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Liver cancer – hepatocellular carcinoma

liver cancer cirrhosis hepatitisHepatocellular carcinoma is the name for primary liver cancer. It appears mainly at the patients with cirrhosis (80 – 90 of cases). It is estimated a mortality of 33% among the people with cirrhosis due to the hepatocellular carcinoma. The mortality in the U.S. is 14 000 per year.

Causes

The major risk for developing liver cancer is the bearers of the liver virus. The risk is higher for B virus carriers than for the C virus, the appearance of hepatocellular carcinoma in infected people with virus B, not being preceded in all cases of cirrhosis. Cirrhosis is more severe and occurs more frequently in people with hepatitis. Haemochromatosis is also a risk factor and causes hepatocellular carcinoma.

Appearance of a hepatocellular carcinoma (liver cancer) is due primarily to a process of liver regeneration, usually requiring a liver disease that evolved long before. Hepatocellular carcinoma is usually a nodule form, single – center, but there are multicenter liver cancers with diffuse development.

To discover in time, patients with this kind of liver cancer, are recommended ultrasound supervision and dosage of alpha fetoprotein to patients with:

  • b virus hepatitis dna structureCirrhosis of the hepatitis B and C;

  • Chronic hepatitis B or C virus (risk of cancer depends on the severity of the inflammation, fibrosis, and the level of viral DNA, patients with hepatitis B);

  • Cirrhosis of alcoholic etiology;

  • haemochromatosis genetically transmitted;

  • The primitive biliary cirrhosis.

haemochromatosis macroscopic aspect of liverHepatocellular carcinoma symptoms and clinical signs of liver cancer: sudden and rapid weight loss, ascites evolving rapidly, severe and does not respond to the treatment with diuretics, low grad fever or fever, liver pain. At the palpitation of the liver, it may feel rough, with a tumor surface. Both symptoms and clinical signs may be absent in many cases, there are a large number of asymptomatic cases discovered by ultrasound.

For a diagnosis of the liver cancer it is dosed the alpha fetoprotein and the patients’ blood and is used the imaging method in identifying a possible hepatocellular carcinoma (ultrasound, CT, MRI).

Alpha fetoprotein has normal values between 10 and 20 ng/ml and has sensitivity in the diagnosis of liver cancer under 60 – 70%. Alpha protein still may have values also in a form of testicular cancer. Values of alpha protein above 200 ng/ml are defining for a hepatocellular carcinoma appeared in a patient at risk. However, there are cases hepatocellular carcinomas with less than 4 cm in size, which do not produce alpha protein (two – thirds of the cases) and 20% of the total hepatocellular carcinoma, even with large sizes do not produce alpha protein.

liver cancer ultrasoundUltrasound put out the lesions of liver cancer (at a rate of 85-95% lesions size between 3 and 5 cm). On a cirrhotic liver, lesions smaller than 1cm can be harder to emphasize. For lesions between 1 and 2 cm, hepatocellular carcinoma specific, ultrasound as a diagnostic method with a sensitivity between 60 – 80%. The ultrasound contrast increases the ultrasound performance to describe the specific nodules of a hepatocellular carcinoma.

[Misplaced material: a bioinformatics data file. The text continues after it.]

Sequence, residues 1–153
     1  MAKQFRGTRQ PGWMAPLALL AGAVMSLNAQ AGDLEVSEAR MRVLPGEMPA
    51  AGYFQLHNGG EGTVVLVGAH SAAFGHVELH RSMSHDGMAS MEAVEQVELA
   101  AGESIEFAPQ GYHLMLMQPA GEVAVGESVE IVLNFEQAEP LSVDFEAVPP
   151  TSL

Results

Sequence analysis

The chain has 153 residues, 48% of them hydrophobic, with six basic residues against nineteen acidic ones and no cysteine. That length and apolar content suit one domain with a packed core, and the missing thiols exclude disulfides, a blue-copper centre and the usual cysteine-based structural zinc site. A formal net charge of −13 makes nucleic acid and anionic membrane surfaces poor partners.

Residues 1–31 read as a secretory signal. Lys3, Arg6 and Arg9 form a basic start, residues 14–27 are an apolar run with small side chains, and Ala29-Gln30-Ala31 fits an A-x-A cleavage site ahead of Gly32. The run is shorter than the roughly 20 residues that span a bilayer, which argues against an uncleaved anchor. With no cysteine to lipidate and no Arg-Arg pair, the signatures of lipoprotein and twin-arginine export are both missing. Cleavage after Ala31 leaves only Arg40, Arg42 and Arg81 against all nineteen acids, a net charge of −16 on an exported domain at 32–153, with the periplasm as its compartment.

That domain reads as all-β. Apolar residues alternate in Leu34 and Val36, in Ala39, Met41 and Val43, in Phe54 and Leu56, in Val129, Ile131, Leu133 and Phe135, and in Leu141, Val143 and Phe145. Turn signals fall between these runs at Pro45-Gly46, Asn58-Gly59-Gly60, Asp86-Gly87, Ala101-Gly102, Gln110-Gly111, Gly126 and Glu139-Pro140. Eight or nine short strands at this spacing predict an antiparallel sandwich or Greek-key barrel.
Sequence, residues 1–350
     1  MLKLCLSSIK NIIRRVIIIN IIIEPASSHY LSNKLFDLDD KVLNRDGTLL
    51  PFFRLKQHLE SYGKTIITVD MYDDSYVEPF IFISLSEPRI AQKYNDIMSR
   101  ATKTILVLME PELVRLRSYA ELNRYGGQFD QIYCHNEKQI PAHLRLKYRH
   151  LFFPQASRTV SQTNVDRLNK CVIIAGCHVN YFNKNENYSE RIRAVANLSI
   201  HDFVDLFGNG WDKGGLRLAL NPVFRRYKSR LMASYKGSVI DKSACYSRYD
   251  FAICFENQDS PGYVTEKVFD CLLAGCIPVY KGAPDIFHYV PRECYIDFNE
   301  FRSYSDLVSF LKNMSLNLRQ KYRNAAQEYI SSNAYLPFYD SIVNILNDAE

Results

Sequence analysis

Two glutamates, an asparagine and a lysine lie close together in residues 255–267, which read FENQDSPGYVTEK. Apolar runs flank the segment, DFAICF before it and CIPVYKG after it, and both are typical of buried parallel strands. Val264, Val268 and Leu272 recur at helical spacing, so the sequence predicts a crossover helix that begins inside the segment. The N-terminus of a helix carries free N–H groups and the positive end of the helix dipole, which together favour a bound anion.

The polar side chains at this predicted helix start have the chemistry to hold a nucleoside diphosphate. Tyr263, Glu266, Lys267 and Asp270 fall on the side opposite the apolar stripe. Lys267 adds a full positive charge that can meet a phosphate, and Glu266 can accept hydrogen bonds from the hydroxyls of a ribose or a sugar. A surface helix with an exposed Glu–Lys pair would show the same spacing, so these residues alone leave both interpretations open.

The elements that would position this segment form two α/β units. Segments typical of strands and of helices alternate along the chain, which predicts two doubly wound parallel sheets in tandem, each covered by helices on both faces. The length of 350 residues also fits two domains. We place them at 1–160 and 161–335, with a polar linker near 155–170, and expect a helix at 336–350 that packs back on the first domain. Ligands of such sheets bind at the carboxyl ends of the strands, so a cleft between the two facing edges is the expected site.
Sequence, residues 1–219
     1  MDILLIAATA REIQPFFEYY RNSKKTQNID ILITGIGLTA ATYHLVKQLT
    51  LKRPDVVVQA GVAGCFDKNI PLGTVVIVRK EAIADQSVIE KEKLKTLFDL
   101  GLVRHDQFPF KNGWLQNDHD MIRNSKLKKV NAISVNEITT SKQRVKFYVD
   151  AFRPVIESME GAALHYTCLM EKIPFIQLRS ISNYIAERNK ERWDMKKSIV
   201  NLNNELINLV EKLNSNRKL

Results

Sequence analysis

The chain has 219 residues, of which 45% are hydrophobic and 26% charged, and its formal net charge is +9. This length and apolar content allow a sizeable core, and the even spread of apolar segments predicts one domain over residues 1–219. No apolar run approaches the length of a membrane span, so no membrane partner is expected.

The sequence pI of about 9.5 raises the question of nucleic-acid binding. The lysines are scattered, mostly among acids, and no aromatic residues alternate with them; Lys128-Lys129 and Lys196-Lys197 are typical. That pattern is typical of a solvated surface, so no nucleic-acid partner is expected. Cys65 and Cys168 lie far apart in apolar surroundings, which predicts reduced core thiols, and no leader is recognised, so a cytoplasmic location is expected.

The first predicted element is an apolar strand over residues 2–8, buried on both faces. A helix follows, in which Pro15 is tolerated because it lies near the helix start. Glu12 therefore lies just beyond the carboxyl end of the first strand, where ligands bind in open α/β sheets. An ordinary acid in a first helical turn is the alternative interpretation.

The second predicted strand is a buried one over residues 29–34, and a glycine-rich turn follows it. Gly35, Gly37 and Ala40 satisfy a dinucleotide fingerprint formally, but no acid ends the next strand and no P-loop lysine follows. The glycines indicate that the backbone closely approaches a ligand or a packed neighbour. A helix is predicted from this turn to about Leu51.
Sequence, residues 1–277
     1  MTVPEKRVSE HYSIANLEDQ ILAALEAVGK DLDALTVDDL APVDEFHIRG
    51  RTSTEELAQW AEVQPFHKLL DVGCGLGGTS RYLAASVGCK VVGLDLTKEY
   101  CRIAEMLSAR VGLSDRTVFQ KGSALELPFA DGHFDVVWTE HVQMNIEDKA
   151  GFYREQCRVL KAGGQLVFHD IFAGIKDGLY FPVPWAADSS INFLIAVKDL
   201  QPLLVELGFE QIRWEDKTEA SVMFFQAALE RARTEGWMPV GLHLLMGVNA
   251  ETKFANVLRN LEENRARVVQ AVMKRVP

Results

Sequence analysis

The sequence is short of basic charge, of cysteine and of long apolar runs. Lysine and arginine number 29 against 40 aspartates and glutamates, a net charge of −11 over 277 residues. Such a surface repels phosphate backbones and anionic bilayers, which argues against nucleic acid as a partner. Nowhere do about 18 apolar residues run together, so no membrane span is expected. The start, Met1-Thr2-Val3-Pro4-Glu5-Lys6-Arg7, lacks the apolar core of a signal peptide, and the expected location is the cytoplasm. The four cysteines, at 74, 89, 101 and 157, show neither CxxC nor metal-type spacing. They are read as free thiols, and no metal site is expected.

The CT scan and the MRI with the contrast material represents an ancillary diagnostic imaging method.

Recommendation for the diagnosis of a hepatocellular carcinoma:

  • Ultrasound is used as a screening method for liver cancer to appear in people at risk;

  • Used to determine the alpha protein with same purpose if the ultrasound is not accessible or very sophisticated;

  • An optimum interval (not necessarily ideal) repetition of ultrasound for precocious detection of hepatocellular carcinoma is 6 months.

When classical criteria (imaging +/- alpha protein) determination are not sufficient to establish a diagnosis, it is recommended a biopsy of suspected hepatocellular carcinoma nodule. Liver biopsy is done under ultrasound guidance, fine needles (less than 1 mm). If the lesion suspected as liver cancer seems operable, the biopsy is contraindicated due to the risk of dissemination of 1-3% of the cases.

Treatment of liver cancer

The first choice in the treatment of hepatocellular carcinoma is surgical resection (if the functional reserve of the liver allows it) or liver transplant (treatment for liver cancer and cirrhosis).

The large tumors where surgical resection is not possible they can opt for chemoembolization tumor with doxorubicin and lipiodol through the hepatic artery on the vascular branch which is corresponding with the malignant node. This method of treatment for liver cancer shall cease the blood feeding of the tumor.

For small tumors (less than 5cm) can be used as a treatment the method of fortification of tumor ultrasound guided. By this method it is introduced directly in the hepatic malignant nodule, using a fine needle, absolute alcohol. This process is repeated several therapeutic sessions. For these types of hepatocellular carcinoma, radiofrequency ablation (RFA) is an alternative.

If the treatment techniques for liver cancer, listed above cannot be used (case of very large tumors metastases or partial thrombosis), therapy with Sorafenib (Nexavar) 800 mg/day for a lifetime is a solution. Nexavar is an expensive antiangiogenic treatment, preventing the formation of new vessels to feed the tumor.

For hepatocellular carcinoma with small liver tumors, multiple incurred or the merits of cirrhosis, liver transplantation is the most indicated.




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